Indian summer monsoon rainfall (ISMR) from June to September (JJAS) contributes 80% of the total annual rainfall in India and controls the agricultural productivity and economy of the country. Extreme rainfall (ER) events are responsible for floods that cause widespread destruction of infrastructure, economic damage, and loss of life. A forecast of the ISMR and associated ER events on an extended range (beyond the conventional one-week lead time) is vital for the agronomic economy of the country. In September 2020, NOAA/NCEP implemented Global Ensemble Forecast System, version 12 (GEFSv12) for various risk management applications. It has generated consistent reanalysis and reforecast data for the period 2000–19. In the present study, the Raw-GEFSv12 with day-1–16 lead-time rainfall forecasts are calibrated using the quantile (QQ) mapping technique against Indian Monsoon Data Assimilation and Analysis (IMDAA) for further improvement. The present study evaluated the prediction skill of Raw and QQ-GEFSv12 for ISMR and ER events over India by using standard skill metrics. The results suggest that the ISMR patterns from Raw and QQ-GEFSv12 with (lead) day 1–16 are similar to IMDAA. However, Raw-GEFSv12 has a dry bias in most parts of prominent rainfall regions. The low- to medium-intensity rainfall events from Raw-GEFSv12 is remarkably higher than the IMDAA, while high- to very-high-intensity rainfall events from Raw-GEFSv12 are lower than IMDAA. The prediction skill of Raw-GEFSv12 in depicting ISMR and associated ER events decreased with lead time, while the prediction skill is almost equal for all lead times with marginal improvement after calibration.

Full access
Bo Zhang
,
Ge Liu
,
Yuejian Zhu
, and
Ning Shi

Abstract

Based on a recently developed approach that can recognize both persistent blocking and ridge events effectively, the contributions of the frequency of these persistent events (FOPE) over different regions in Eurasia to precipitation over eastern China were investigated. The results reveal that, the FOPE over the longitudinal range of 110°–130°E, near the Stanovoy Mountains and the Okhotsk Sea, is significantly correlated with precipitation over the middle and lower reaches of the Yangtze River (MLRYR) during summer, particularly in August. The preceding full July (or 1–20 July) mean Balkhash Lake–Caucasus geopotential height index, which measures the combined effect of the Balkhash Lake and Caucasus geopotential height anomalies, is closely related to the August geopotential height anomaly around the Stanovoy Mountains and the Okhotsk Sea, and can therefore reflect the August 110°–130°E FOPE. The predictability based on this preceding atmospheric signal seems to be attributable to slow-varying atmospheric processes on a subseasonal (20-day mean) time scale. On this time scale, the Balkhash Lake and Caucasus geopotential height anomalies occur prior to, and seem to modulate, the geopotential height anomaly around the Stanovoy Mountains and the associated 110°–130°E FOPE through an eastward extension and through exciting a positive–negative–positive pattern in 500-hPa geopotential heights, respectively. As a result of the slow-varying atmospheric processes, this preceding atmospheric signal performs well in predicting the August 110°–130°E FOPE, which also facilitates the prediction of the MLRYR precipitation.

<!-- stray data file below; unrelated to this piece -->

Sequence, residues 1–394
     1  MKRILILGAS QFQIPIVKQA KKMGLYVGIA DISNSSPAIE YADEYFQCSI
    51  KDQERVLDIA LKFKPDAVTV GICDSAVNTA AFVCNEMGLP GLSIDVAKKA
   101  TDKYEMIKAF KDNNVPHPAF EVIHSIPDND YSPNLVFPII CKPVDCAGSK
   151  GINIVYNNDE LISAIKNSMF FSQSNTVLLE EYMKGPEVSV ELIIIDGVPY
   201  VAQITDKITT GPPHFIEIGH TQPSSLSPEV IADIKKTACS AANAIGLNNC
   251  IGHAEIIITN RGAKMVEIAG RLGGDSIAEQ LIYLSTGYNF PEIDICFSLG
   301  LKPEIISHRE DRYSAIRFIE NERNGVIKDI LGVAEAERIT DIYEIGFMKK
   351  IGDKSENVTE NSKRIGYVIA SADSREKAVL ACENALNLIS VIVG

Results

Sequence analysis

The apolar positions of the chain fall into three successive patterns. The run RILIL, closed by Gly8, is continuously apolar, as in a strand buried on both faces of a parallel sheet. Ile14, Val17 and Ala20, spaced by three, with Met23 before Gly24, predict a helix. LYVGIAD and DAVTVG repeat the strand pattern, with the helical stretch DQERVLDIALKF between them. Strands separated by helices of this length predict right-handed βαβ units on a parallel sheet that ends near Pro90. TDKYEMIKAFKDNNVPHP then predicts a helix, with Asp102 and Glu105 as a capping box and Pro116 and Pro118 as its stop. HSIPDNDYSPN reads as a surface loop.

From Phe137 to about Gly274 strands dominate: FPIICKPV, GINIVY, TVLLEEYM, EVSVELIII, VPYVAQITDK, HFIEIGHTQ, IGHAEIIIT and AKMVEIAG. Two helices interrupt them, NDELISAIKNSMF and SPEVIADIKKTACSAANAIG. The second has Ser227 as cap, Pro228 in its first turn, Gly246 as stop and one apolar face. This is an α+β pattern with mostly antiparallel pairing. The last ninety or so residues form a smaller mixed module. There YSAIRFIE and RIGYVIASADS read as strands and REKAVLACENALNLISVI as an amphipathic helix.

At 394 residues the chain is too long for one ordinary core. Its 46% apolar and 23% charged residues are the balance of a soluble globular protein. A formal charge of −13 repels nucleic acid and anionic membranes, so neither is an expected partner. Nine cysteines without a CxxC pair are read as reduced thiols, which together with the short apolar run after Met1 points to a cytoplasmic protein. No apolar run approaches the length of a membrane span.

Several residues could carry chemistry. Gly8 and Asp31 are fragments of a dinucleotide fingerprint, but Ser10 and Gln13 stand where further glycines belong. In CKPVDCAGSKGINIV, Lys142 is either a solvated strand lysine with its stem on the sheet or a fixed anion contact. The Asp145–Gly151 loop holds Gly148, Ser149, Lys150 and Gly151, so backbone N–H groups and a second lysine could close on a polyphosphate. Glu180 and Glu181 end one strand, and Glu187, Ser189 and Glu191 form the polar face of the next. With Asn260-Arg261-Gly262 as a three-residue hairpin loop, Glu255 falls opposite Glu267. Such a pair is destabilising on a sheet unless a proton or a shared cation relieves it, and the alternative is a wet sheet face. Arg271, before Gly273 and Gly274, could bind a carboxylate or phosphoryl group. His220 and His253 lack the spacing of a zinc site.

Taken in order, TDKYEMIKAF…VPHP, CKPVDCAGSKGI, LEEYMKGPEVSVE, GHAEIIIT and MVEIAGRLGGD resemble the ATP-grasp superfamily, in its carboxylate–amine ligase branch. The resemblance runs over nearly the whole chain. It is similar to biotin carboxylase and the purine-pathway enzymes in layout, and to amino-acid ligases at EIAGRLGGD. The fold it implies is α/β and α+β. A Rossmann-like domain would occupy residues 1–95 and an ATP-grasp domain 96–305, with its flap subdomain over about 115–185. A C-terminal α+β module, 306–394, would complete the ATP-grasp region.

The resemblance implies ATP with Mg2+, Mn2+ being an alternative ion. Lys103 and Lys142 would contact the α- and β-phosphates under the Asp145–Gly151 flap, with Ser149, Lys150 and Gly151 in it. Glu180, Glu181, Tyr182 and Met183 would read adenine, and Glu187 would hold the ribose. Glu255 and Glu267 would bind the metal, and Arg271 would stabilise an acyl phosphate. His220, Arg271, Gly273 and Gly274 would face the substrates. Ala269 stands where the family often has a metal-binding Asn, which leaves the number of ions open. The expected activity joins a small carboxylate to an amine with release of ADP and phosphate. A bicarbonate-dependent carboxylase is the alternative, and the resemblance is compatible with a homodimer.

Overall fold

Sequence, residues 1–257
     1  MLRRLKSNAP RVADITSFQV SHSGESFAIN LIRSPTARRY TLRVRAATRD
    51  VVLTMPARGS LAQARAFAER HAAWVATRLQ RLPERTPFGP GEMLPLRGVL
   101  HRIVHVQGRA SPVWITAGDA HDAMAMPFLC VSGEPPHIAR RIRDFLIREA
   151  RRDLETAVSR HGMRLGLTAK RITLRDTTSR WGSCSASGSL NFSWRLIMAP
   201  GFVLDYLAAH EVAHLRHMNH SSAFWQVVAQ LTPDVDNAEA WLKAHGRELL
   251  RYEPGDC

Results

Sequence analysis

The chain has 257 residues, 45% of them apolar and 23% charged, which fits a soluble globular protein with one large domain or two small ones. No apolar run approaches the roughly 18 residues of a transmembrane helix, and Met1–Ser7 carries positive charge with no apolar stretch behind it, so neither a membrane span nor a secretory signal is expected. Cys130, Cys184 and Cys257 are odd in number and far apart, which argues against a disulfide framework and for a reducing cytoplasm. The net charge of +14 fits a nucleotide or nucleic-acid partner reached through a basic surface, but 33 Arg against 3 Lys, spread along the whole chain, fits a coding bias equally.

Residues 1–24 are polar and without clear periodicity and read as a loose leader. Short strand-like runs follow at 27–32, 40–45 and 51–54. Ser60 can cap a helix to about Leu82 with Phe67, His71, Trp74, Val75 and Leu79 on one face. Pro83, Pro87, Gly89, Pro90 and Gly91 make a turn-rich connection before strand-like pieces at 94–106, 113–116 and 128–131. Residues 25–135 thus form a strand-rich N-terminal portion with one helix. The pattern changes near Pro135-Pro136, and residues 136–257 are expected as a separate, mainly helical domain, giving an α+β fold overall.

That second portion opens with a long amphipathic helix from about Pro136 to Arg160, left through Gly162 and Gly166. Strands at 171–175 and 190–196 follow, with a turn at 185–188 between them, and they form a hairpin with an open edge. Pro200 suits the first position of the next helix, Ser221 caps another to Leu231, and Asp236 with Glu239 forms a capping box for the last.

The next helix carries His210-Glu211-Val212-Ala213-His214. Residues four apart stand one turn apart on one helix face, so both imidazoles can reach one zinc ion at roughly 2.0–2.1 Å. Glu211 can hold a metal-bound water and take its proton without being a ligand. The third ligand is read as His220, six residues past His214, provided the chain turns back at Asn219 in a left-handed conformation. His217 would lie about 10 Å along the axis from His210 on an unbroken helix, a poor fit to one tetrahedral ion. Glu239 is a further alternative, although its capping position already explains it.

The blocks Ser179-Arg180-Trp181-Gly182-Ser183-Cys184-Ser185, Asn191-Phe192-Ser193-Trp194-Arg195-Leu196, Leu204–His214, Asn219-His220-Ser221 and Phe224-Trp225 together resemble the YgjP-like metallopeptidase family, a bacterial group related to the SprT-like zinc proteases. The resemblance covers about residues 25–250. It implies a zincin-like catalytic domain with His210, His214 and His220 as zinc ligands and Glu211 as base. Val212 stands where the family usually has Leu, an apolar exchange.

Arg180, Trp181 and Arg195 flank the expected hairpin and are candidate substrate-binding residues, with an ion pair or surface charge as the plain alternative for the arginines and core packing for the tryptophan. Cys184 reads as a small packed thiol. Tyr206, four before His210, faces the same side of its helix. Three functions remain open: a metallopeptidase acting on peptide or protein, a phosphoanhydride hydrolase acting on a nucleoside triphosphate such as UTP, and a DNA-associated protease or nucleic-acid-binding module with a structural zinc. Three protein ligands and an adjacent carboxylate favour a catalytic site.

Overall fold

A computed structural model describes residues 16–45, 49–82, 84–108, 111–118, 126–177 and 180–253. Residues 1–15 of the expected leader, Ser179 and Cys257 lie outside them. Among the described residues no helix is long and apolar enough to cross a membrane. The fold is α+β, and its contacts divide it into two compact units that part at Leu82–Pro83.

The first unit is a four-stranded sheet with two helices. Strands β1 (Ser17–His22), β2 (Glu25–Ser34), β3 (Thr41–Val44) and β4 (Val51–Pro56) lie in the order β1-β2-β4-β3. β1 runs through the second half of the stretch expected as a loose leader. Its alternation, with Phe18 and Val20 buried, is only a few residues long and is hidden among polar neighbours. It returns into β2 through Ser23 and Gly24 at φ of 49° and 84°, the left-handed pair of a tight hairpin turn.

Full access
Andrew D. Snyder
,
Zhaoxia Pu
, and
Yuejian Zhu

Abstract

This study evaluates the performance of the NCEP global ensemble forecast system in predicting the genesis and evolution of five named tropical cyclones and two unnamed nondeveloping tropical systems during the NASA African Monsoon Multidisciplinary Analyses (NAMMA) between August and September 2006. The overall probabilities of the ensemble forecasts of tropical cyclone genesis are verified relative to a genesis time defined to be the first designation of the tropical depression from the National Hurricane Center (NHC). Additional comparisons are also made with high-resolution deterministic forecasts from the NCEP Global Forecast System (GFS). It is found that the ensemble forecasts have high probabilities of genesis for the three strong storms that formed from African easterly waves, but failed to accurately predict the pregenesis phase of two weaker storms that formed farther west in the Atlantic Ocean. The overall accuracy for the genesis forecasts is above 50% for the ensemble forecasts initialized in the pregenesis phase. The forecast uncertainty decreases with the reduction of the forecast lead time. The probability of tropical cyclone genesis reaches nearly 90% and 100% for the ensemble forecasts initialized near and in the postgenesis phase, respectively. Significant improvements in the track forecasts are found in the ensemble forecasts initialized in the postgenesis phase, possibly because of the implementation of the NCEP storm relocation scheme, which provides an accurate initial storm position for all ensemble members. Even with coarser resolution (T126L28 for the ensemble versus T384L64 for the GFS), the overall performance of the ensemble in predicting tropical cyclone genesis is compatible with the high-resolution deterministic GFS. In addition, false alarm rates for nondeveloping waves were low in both the GFS and ensemble forecasts.

Full access
Bo Cui
,
Zoltan Toth
,
Yuejian Zhu
, and
Dingchen Hou

Abstract

The main task of this study is to introduce a statistical postprocessing algorithm to reduce the bias in the National Centers for Environmental Prediction (NCEP) and Meteorological Service of Canada (MSC) ensemble forecasts before they are merged to form a joint ensemble within the North American Ensemble Forecast System (NAEFS). This statistical postprocessing method applies a Kalman filter type algorithm to accumulate the decaying averaging bias and produces bias-corrected ensembles for 35 variables. NCEP implemented this bias-correction technique in 2006. NAEFS is a joint operational multimodel ensemble forecast system that combines NCEP and MSC ensemble forecasts after bias correction. According to operational statistical verification, both the NCEP and MSC bias-corrected ensemble forecast products are enhanced significantly. In addition to the operational calibration technique, three other experiments were designed to assess and mitigate ensemble biases on the model grid: a decaying averaging bias calibration method with short samples, a climate mean bias calibration method, and a bias calibration method using dependent data. Preliminary results show that the decaying averaging method works well for the first few days. After removing the decaying averaging bias, the calibrated NCEP operational ensemble has improved probabilistic performance for all measures until day 5. The reforecast ensembles from the Earth System Research Laboratory’s Physical Sciences Division with and without the climate mean bias correction were also examined. A comparison between the operational and the bias-corrected reforecast ensembles shows that the climate mean bias correction can add value, especially for week-2 probability forecasts.

Full access